High-Resolution Mission to the Sun and Inner Heliosphere addressing the Sun-Heliosphere and Sun-Earth connections.
The scientific rationale of the Solar Orbiter (SO) is to provide, at high spatial and temporal resolution, multi-wavelength observations of the solar atmosphere and comprehensive in-situ measurements of the unexplored inner heliosphere. By approaching the Sun as close as 58 solar radii, Solar Orbiter will view and diagnose the solar atmosphere with high spatial resolution and combine this with measurements of particles and fields made in-situ. Over its extended mission periods the Solar Orbiter will move out of the ecliptic plane to deliver images and related data that will cover the polar regions of the Sun. By its payload complement, Solar Orbiter will investigate the key topic of heliophysics: How does the Sun create and control the heliosphere?
The four main scientific questions addressed by the Solar Orbiter mission are:
How and where do the solar wind plasma and magnetic field originate in the corona?
How do solar transients drive heliospheric variability?
How do solar eruptions produce energetic particle radiation that fills the heliosphere?
How does the solar dynamo work and drive connections between the Sun and the heliosphere?
Instrument and Measurements
A selection of 10 instruments has been made for the scientific payload of the Solar Orbiter mission. This comprehensive suite of instruments will support multiple scientific investigations ranging from near-Sun and out-of-ecliptic in-situ measurements to remote-sensing observations of the Sun and its environment:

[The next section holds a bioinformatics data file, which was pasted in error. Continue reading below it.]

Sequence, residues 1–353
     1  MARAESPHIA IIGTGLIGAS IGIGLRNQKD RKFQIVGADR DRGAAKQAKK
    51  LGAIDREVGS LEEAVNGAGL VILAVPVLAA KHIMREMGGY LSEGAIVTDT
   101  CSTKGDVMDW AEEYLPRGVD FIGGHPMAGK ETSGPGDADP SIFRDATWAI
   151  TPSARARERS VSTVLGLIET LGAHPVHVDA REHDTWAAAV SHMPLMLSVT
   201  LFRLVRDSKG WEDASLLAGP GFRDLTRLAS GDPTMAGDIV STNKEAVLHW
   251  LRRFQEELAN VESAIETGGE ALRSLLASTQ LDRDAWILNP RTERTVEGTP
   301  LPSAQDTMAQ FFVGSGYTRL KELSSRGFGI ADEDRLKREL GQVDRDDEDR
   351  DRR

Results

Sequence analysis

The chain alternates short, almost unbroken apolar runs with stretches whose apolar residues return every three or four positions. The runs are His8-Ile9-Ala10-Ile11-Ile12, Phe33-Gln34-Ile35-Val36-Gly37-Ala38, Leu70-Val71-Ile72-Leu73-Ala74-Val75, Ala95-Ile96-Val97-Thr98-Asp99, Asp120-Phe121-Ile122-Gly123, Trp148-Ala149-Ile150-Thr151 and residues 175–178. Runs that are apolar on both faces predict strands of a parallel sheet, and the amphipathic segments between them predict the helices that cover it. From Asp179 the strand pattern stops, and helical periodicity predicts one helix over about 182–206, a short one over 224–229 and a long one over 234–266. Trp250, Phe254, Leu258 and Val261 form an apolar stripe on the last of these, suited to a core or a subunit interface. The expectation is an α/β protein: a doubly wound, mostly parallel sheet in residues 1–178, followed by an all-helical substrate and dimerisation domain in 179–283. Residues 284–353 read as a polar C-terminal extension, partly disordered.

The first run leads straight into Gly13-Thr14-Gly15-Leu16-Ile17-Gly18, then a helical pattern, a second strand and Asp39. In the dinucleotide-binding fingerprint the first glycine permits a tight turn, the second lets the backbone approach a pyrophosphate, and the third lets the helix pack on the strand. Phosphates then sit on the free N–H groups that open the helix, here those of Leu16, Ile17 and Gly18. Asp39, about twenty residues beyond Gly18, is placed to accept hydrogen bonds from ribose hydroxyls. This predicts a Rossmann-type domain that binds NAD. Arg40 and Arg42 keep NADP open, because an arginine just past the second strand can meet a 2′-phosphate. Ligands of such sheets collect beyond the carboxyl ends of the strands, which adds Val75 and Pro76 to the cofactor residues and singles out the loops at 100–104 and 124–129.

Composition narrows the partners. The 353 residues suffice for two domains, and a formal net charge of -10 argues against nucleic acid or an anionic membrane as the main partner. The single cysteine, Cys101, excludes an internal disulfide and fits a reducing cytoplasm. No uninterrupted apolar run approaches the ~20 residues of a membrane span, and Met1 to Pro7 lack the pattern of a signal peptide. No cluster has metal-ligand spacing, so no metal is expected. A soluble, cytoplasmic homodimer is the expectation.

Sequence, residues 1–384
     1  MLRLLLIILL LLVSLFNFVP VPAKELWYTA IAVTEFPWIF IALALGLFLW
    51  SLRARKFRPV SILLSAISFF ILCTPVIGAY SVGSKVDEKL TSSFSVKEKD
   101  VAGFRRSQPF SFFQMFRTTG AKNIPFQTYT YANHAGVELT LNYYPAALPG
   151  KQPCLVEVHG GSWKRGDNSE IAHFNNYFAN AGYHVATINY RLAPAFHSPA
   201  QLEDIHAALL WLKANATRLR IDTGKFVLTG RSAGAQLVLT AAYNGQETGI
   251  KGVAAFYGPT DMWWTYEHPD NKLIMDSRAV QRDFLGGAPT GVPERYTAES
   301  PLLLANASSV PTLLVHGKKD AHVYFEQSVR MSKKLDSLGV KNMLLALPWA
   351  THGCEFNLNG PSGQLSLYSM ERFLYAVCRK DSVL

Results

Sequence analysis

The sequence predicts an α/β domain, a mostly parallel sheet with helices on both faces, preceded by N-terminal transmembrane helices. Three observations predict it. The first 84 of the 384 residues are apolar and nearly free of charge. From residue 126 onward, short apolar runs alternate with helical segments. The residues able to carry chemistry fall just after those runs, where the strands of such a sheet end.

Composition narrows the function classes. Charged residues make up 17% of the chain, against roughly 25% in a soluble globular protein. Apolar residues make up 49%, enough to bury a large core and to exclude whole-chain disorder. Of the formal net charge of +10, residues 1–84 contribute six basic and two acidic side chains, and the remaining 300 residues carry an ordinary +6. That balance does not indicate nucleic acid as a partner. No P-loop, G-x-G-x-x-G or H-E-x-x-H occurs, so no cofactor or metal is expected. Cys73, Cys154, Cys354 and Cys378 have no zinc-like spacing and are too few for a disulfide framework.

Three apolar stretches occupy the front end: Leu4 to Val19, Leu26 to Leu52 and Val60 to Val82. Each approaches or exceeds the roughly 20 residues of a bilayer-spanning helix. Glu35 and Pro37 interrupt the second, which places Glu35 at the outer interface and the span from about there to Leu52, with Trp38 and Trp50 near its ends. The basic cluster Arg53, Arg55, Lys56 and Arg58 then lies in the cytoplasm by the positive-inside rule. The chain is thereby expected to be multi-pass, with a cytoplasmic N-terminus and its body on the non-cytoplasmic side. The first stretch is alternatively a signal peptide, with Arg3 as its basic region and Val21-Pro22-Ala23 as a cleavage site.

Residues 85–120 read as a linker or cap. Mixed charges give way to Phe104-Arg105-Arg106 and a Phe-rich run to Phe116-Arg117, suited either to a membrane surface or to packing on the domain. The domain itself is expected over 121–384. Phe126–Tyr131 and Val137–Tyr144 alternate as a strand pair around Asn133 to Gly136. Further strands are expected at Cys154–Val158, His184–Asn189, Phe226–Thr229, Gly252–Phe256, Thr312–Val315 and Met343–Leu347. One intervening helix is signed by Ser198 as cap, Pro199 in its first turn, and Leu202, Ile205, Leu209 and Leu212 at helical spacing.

|SWA: Solar Wind Plasma Analyser [partly funded by NASA]
||Solar wind ion and electron bulk properties, ion composition
|EPD: Energetic Particle Detector [partly funded by NASA]
||Composition, timing, and distribution functions of suprathermal and energetic particles
||DC vector magnetic fields (0 – 64 Hz)
|RPW: Radio and Plasma Waves
||AC electric and magnetic fields
|PHI: Visible Imager & Magnetograph (VIM)
||Vector magnetic field and line-of-sight velocity in the photosphere
|EUI: Extreme Ultraviolet Imager
||Full-disk EUV and high-resolution EUV and Lyman-a imaging of the solar atmosphere
|SPICE: EUV Spectrometer (EUS) [mainly funded by NASA]
||EUV spectroscopy of the solar disk and the corona
|STIX: X-ray Imager
||Solar thermal and non-thermal X-ray emission
||Visible, UV and EUV imaging of the solar corona
|HI: Heliospheric Imager [mainly funded by NASA]
||White-light imaging of the extended corona
The MPS largely contributes to the mission’s payload, with a Principal Investigator team to PHI, with a Co-PI team to EUI and with Co-investigator teams to SPICE, METIS, MAG, and SWA.
Planned Launch: Solar Orbiter is now included in ESA’s Cosmic Vision programme and, upon selection, its launch is foreseen in 2017 with an American rocket provided by NASA.